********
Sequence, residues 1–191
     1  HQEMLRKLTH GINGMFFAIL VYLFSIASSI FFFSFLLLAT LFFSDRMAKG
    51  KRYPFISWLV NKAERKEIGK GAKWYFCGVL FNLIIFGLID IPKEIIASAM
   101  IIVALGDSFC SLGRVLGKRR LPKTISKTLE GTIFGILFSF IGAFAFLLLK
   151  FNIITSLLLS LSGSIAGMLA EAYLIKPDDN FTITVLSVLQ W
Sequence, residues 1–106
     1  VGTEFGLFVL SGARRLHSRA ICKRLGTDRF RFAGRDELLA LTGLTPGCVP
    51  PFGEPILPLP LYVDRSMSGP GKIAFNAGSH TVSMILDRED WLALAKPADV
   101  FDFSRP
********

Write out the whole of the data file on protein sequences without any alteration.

Sequence, residues 1–191
     1  HQEMLRKLTH GINGMFFAIL VYLFSIASSI FFFSFLLLAT LFFSDRMAKG
    51  KRYPFISWLV NKAERKEIGK GAKWYFCGVL FNLIIFGLID IPKEIIASAM
   101  IIVALGDSFC SLGRVLGKRR LPKTISKTLE GTIFGILFSF IGAFAFLLLK
   151  FNIITSLLLS LSGSIAGMLA EAYLIKPDDN FTITVLSVLQ W
Sequence, residues 1–106
     1  VGTEFGLFVL SGARRLHSRA ICKRLGTDRF RFAGRDELLA LTGLTPGCVP
    51  PFGEPILPLP LYVDRSMSGP GKIAFNAGSH TVSMILDRED WLALAKPADV
   101  FDFSRP